All this is related to developments in the City, which Williams sees as being connected to the countryside. The reality of life in the city is likewise related to the literature of the times, his consideration of Dickens made me want to re-read at least some of his works.

The book ends with an extended essay on the relationship between city and countryside, and steps back to take a global view which is still immensely relevant. There is also thoughts on the future as seen from when the book was written (1973), these unfortunately are still food for thought. Overall the book is a fascinating read, though difficult at times (I had to re-read paragraphs on a few occasions) I found it worth the effort. Well recommended, especially for members of the Countryside Alliance (do they still exist?).
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on 28 January 2013
The literary meets the political meets the personal in a dense, dizzying brew. It is good to have this reissued even if (as John Bull spells out in Delta #52*, should we need convincing) Williams can be quite as sentimental as those he takes to task. Genuine passion notwithstanding (and the page throbs with it), the head-shaking and pursed lips ('there is no innocence' - indeed, indeed, Ray!) suggest an ineffectual cleric; at bottom both he and Hoggart were out-of-touch fantasists. How one wishes it weren't so. Is it any wonder we (the thinking classes) are so depressed?!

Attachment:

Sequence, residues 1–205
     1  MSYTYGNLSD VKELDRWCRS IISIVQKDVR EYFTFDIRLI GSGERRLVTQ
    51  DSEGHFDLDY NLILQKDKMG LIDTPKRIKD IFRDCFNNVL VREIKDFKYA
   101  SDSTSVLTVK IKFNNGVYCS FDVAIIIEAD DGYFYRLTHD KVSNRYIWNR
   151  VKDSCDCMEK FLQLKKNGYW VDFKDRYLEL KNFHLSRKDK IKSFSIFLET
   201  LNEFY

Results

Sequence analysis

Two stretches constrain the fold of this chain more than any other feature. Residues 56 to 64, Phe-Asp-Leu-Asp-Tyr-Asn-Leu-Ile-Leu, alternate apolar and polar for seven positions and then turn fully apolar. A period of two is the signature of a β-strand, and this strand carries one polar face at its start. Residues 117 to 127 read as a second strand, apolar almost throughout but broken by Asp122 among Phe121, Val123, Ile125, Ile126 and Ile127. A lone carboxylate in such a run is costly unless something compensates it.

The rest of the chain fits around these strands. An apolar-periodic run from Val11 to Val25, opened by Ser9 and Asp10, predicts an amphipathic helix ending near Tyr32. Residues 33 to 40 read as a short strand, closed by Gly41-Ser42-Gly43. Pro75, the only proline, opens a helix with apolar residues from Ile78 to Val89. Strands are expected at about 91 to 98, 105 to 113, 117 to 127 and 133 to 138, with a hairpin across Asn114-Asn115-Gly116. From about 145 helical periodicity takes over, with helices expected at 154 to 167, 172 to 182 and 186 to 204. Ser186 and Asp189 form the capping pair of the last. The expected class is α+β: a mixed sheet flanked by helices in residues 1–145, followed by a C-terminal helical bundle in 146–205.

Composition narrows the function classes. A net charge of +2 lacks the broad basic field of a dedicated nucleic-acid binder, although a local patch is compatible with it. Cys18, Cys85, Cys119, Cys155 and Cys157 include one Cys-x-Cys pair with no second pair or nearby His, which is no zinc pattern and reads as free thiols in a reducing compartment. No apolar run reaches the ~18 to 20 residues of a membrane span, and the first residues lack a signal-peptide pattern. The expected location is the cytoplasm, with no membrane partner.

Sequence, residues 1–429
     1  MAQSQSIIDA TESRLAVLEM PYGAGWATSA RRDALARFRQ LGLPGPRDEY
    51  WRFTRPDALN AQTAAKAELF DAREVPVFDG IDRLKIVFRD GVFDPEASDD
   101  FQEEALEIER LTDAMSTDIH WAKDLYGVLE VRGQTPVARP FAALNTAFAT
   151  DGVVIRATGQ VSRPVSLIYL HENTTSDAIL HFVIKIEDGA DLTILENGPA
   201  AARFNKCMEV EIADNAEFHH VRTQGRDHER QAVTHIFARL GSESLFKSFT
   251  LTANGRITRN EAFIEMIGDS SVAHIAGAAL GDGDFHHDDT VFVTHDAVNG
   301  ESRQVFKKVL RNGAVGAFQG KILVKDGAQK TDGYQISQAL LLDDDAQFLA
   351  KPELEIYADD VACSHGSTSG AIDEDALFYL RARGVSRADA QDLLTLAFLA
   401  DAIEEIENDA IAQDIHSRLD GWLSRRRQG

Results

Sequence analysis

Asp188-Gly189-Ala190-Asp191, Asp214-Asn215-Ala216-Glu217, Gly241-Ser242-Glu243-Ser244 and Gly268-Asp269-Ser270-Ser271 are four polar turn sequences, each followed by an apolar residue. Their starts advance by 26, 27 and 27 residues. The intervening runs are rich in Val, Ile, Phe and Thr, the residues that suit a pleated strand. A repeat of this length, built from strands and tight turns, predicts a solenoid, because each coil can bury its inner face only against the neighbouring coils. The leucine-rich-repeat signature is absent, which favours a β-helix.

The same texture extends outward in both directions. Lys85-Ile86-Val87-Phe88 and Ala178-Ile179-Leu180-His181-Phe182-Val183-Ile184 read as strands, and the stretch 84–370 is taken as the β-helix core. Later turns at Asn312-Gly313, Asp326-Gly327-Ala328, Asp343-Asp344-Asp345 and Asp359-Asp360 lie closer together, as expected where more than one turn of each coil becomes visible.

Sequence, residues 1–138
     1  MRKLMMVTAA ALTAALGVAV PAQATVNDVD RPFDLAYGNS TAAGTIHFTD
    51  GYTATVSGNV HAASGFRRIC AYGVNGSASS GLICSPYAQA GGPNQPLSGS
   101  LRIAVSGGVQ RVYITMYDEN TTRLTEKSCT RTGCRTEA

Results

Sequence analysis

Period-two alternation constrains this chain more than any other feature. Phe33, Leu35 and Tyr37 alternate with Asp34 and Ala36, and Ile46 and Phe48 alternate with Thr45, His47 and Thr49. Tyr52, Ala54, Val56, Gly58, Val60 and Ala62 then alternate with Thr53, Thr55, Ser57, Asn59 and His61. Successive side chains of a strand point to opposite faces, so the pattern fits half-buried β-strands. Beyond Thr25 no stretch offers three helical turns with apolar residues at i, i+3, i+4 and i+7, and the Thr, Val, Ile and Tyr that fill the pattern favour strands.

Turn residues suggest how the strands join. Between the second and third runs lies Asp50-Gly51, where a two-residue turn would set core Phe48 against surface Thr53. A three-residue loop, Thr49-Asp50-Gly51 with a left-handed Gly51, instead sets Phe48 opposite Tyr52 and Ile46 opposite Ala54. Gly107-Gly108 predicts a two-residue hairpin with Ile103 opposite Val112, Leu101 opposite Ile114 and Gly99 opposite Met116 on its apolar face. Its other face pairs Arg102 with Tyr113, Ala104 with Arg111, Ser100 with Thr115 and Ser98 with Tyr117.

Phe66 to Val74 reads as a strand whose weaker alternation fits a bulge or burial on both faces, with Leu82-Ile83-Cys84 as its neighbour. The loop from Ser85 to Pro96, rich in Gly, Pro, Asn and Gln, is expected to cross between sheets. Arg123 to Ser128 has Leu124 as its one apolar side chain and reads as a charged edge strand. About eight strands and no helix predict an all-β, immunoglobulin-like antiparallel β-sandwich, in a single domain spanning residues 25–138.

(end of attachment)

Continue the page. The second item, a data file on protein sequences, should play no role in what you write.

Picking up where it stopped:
* for which I'm open to offers. The article is 9 pages, plus there's a TF Powys inédit, Pawling on Davie on Hardy, Bolt on Ellmann on Joyce - oh, and the first appearance of Family Arrivals by Lotte Kramer, later the title of her 1981 volume (reissued 1992), here with a comma triggering a poignant hesitation in the last line
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on 25 July 2013
If you are studying the Pastoral unit for LITB 3, buy this book! It is excellent and will help you to reach the AOs for 3 and 4. An incredibly academic and interesting read.